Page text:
8/11/2010
Spring cleaning: the early days, part two

I tried to survive my first term in college with one spiral notebook. I don't know what I thought it could, but obviously it didn't work, since I eventually bought a refillable journal. Still, the notebook proved useful, especially during that first day in class, where I wrote down my notes on existentialism - before critical thinking class proved to be a bore. (The Santugon sticker was added on two terms later. Blame it on Les.)

When I bought the journal, the notebook became a repository of idle thoughts, fantasy radio schedules and attendance for English 1 class. I don't know why I was entrusted with sorting the thing down - maybe it's because I always arrived on time, or I just looked responsible. I had this slightly fancy system: ''late'' stood for people who arrived after the bell but before Miss Bernie came in, and ''late 30'' stood for people who arrived before the grace period ended.

The bonobos were technically a lesson in anthropology (and eventually the origins of the BonoSoc) but Sudoy and I felt like using that for our English 1 class. I guess we found the idea of female bonobos rubbing each others' genitals alluring. Us using one class' lessons (and projects) in another class wasn't unusual: I used my philosophy paper for speech class.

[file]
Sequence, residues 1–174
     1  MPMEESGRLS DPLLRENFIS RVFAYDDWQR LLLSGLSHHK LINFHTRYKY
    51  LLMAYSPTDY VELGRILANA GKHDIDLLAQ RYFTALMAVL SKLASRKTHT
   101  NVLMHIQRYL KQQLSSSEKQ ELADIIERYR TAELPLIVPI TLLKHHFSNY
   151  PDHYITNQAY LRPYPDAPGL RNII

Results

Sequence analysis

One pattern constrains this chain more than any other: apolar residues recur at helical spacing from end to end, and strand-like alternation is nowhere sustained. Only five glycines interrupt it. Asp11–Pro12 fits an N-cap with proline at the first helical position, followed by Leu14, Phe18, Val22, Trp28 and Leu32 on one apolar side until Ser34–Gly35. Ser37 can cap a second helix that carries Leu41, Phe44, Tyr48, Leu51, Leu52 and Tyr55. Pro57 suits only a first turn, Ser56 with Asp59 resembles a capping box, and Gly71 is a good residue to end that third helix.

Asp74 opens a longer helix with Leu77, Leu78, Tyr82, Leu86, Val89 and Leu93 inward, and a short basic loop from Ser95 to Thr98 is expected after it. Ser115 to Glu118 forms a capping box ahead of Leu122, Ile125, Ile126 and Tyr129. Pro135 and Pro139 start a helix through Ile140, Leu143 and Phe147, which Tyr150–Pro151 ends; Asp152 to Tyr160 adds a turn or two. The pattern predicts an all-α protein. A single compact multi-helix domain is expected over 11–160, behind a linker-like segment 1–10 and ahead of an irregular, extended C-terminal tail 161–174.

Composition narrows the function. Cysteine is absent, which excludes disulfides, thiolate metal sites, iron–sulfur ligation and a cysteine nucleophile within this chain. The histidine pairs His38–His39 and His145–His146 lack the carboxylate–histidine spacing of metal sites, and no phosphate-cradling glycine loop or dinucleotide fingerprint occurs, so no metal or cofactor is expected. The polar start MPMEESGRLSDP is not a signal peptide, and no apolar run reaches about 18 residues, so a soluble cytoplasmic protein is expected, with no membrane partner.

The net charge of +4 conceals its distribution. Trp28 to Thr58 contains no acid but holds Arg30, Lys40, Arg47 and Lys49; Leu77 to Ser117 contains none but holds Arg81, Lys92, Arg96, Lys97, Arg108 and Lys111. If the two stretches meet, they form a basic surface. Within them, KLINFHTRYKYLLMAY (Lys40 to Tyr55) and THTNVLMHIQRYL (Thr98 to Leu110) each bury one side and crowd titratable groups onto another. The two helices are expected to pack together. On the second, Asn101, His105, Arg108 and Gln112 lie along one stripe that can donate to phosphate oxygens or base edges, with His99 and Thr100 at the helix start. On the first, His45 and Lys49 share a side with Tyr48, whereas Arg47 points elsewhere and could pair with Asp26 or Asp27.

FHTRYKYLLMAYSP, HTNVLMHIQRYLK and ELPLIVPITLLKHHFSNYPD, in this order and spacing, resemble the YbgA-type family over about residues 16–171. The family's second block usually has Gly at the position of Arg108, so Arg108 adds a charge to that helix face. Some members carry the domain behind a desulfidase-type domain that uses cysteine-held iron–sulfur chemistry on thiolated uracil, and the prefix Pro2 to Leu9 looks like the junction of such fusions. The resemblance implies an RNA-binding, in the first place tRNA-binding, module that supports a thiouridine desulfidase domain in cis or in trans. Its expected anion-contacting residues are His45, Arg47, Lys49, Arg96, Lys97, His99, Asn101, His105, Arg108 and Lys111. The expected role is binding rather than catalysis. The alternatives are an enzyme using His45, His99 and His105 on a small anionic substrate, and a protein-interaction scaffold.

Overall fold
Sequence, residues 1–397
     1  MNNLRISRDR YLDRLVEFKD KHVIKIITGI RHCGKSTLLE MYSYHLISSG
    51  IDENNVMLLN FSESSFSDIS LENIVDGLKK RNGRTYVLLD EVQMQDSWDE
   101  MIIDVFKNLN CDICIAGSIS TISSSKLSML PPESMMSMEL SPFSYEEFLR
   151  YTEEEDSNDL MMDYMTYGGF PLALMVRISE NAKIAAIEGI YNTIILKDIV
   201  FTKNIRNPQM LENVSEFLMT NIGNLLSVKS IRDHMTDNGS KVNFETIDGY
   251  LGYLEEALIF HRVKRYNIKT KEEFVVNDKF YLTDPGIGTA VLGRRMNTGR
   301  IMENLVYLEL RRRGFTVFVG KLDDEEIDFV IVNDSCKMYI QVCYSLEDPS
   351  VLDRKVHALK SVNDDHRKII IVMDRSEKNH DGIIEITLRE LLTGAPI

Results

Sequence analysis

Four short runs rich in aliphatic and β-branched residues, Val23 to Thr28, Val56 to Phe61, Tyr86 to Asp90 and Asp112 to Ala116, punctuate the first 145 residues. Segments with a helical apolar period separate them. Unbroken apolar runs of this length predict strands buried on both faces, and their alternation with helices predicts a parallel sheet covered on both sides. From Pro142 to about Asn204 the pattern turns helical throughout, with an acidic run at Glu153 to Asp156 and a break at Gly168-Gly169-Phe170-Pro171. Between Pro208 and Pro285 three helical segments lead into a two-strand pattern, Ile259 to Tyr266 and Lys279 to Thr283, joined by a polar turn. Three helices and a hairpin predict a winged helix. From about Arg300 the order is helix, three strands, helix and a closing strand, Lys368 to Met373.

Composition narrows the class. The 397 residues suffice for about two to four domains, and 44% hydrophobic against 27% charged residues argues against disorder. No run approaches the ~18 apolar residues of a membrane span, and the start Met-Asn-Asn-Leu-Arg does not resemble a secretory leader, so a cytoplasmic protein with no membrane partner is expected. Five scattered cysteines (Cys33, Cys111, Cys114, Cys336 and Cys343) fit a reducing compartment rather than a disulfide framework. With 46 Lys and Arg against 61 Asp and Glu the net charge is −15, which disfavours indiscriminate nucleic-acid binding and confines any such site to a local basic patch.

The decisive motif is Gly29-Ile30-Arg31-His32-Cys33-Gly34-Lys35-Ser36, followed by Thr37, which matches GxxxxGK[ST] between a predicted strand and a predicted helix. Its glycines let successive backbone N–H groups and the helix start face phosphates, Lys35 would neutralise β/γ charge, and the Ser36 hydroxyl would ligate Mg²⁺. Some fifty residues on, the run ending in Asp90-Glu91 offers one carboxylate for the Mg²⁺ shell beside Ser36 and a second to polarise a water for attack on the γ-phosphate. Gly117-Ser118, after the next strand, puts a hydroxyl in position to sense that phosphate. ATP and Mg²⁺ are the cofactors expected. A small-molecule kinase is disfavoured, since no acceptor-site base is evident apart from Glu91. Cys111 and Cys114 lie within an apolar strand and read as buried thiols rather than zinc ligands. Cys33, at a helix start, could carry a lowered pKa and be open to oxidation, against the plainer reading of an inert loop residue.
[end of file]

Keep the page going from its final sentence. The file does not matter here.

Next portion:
Who would've imagined that Sir Ronda tried to teach us jive with handouts? They didn't work, because we were taught the jive through hard work and, perhaps, fear. I know that a lot: I almost flunked the class when I turned up in the finale exam wearing a short-sleeved polo. I ended up in the bathroom for the whole class, only to be called back because I had to organize the final ''party'', with actual food we discussed during one of Sister Pinky's dances. PE came in handy four years later, when I covered So You Think You Can Dance for work.

Icka went to DLSU early this week, apparently to get a recommendation letter from our English teacher, Miss Bernie. (Apparently, she's entering graduate school, but missed DLSU's deadline, so she'll try at the UP.) The first thing she was asked: was she still in touch with me?